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McKeon: no Cemex bill in ’11

In light of earmark ban, local congressman plans to support Sen. Barbara Boxer’s anti-mining bill

Posted: February 2, 2011 1:55 a.m.
Updated: February 2, 2011 1:55 a.m.

Blaming prohibitive new anti-earmark rules, the Santa Clarita Valley’s congressman said Tuesday he will not introduce a new bill to ban mining in Soledad Canyon during this congressional session.

“I am fully committed to working with the city of Santa Clarita, local community groups and Cemex to find a satisfactory resolution to mining in Soledad Canyon,” U.S. Rep. Howard P. “Buck” McKeon, R-Santa Clarita, said Tuesday in an e-mail to The Signal.

But the legislation has been determined to be an “earmark,” McKeon said, and House Republicans have vowed to fight earmarks since winning a majority in November. President Barack Obama, in his State of the Union address, said he will veto any legislation containing earmarks.

Earmarks are spending provisions that direct federal funds to specific projects to benefit an individual congressional members’ districts or provide exemptions from taxes or mandated fees.

Cemex, a Mexican mining firm, purchased mining contracts from the Bureau of Land Management in 1990 to open a 56 million-ton sand and gravel mine in Soledad Canyon.

Santa Clarita city officials and eastside residents have been fighting the plan for years, saying it would compromise air quality, make traffic on Highway 14 unbearable and otherwise negatively affect Santa Clarita Valley residents.
Since at least 2004, McKeon has proposed congressional legislation to block Cemex’s proposal by banning mining in Soledad Canyon. None has passed.

In the e-mail communication, he said Tuesday he would have tried again this year, but for the determination that such legislation constitutes an earmark.

McKeon said he can’t reintroduce the anti-mining legislation until the earmarks issue is resolved.

“While I disagree with the interpretation, I support the current congressional ban on earmarks, which is intended to curb federal spending,” he wrote in the e-mail. “I cannot under the House Rules reintroduce the legislation.”

However, Sen. Barbara Boxer, D-Calif., is expected to introduce a bill containing similar language into the Senate. It would be the second year in a row she has done so.

Almost a year ago to the day, Boxer introduced Senate Bill S3057, or the Soledad Canyon High Desert, California Public Lands Conservation and Management Act.

Her bill is still expected to direct the Secretary of the Interior to cancel the Cemex mining contracts drawn up with the Bureau of Land Management and to still compensate Cemex when all is said and done.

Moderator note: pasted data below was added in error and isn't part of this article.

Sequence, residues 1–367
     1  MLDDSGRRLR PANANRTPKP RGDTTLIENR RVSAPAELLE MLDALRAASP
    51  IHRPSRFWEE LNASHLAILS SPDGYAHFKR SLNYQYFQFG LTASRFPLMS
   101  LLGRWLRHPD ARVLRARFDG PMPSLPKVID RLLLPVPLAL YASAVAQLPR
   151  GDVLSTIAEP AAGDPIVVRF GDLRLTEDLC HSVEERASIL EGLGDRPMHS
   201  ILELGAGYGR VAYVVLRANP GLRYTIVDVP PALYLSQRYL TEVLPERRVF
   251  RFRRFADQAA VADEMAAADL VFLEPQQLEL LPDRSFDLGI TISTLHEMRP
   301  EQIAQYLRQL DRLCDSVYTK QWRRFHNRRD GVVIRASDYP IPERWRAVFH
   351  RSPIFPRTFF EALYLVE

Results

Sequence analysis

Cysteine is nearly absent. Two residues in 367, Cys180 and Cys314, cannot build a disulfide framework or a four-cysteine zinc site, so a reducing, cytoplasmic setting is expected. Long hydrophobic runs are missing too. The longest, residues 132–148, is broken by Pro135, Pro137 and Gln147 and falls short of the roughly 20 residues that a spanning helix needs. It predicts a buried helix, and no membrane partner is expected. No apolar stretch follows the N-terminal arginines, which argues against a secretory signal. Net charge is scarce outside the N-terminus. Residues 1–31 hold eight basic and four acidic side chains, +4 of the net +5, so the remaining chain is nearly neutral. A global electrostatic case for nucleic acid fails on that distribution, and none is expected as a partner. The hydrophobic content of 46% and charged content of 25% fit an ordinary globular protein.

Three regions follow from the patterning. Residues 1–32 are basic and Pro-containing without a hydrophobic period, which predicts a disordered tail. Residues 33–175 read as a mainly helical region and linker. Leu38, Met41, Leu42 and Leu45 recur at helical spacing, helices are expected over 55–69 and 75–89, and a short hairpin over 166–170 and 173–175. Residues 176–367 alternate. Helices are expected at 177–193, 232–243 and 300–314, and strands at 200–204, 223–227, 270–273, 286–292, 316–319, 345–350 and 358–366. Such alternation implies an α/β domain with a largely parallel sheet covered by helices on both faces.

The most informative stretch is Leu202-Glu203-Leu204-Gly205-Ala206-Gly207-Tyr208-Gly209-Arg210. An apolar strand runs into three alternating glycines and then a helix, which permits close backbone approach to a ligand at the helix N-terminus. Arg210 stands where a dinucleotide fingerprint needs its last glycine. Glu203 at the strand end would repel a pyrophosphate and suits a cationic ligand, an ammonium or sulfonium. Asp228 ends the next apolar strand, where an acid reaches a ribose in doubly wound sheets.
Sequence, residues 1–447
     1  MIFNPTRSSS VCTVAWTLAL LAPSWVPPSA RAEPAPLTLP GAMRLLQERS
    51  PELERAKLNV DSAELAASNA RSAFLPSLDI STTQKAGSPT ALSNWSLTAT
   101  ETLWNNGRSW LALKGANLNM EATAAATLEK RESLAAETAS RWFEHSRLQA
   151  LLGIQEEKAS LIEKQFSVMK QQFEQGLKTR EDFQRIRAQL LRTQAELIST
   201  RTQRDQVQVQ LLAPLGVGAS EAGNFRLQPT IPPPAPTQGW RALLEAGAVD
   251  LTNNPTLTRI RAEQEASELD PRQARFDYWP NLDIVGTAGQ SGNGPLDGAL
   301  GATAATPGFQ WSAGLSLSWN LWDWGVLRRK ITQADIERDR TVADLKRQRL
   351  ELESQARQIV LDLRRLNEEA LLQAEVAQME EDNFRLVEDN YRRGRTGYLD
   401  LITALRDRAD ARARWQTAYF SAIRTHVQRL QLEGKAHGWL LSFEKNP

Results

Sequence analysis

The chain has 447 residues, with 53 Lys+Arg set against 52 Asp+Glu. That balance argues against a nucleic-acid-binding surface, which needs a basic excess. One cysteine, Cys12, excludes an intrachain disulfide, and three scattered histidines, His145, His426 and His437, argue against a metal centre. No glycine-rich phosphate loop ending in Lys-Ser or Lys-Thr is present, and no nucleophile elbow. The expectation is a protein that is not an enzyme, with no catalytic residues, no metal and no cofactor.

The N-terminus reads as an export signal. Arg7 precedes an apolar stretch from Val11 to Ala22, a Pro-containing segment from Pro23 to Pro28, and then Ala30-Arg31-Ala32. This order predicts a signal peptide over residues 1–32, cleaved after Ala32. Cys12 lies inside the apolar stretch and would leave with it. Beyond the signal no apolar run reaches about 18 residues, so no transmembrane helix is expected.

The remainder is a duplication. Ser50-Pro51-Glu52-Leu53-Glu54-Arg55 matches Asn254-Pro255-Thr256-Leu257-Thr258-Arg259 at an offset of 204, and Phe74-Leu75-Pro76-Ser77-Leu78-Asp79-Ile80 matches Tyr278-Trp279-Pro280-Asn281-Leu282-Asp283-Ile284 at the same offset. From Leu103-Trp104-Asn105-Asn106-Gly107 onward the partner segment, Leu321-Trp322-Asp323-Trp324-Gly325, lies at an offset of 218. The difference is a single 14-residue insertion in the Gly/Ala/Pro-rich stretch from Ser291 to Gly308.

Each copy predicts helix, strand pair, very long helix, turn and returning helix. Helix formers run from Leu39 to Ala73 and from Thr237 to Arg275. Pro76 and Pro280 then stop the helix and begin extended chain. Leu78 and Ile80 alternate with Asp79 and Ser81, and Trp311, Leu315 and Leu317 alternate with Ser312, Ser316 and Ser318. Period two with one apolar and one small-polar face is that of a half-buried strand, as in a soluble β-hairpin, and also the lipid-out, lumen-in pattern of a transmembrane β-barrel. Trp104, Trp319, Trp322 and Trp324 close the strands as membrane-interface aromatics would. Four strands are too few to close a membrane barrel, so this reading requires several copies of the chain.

“Cemex looks forward to working with Senator Boxer and her staff to introduce essentially the same bill that was introduced last Congress,” Leslie White, executive vice president and general counsel for Cemex, said in an e-mail Tuesday.

“We remain hopeful that the work we have done with the city of Santa Clarita over the last two Congresses will produce a positive outcome this year.”

On Tuesday, Sen. Daniel Inouye, D-Hawaii, joined in the call to ban earmarks. He said the the Senate Appropriations Committee, which he chairs, will implement a moratorium on earmarks for the current session.

Mike Murphy, Santa Clarita’s intergovernmental relations officer, is also optimistic about the Boxer bill.

“We’re confident it can be enacted,” he said. Murphy met with McKeon on the matter Jan. 21. “In the end, it will likely be folded into an omnibus natural resources bill.”

Last month, the 111th Congress adjourned without having passed the legislation sponsored by McKeon and co-sponsored by Congressmen Brad Sherman, D-Sherman Oaks.

“It’s going to be harder to get it through this year than last year,” Sherman said Tuesday.

“Anti-earmark legislation means one more difficulty on top of all the other difficulties.”

Sherman said he will follow McKeon’s lead when it comes to Cemex.

“I’m just second fiddle here. When the first fiddle says it’s time to be silent, I’ll be silent,” he said.

Sherman’s district takes in only a small sliver of southeastern Santa Clarita Valley.

Having the issue folded into an omnibus bill covering natural resources might just work, Sherman said.

“If you’re not allowed to have any milk, and you still need a small cup of milk, you’re going to get none at all,” he said, referring to prohibitive earmark legislation. “But if you’re baking a giant cake, which calls for three ounces of milk in it, it might just slip through.”

Under McKeon’s previous proposed legislation, the Bureau of Land Management would have sold three parcels of land in Victorville and used the proceeds to pay Cemex the value of its canceled mining contracts.


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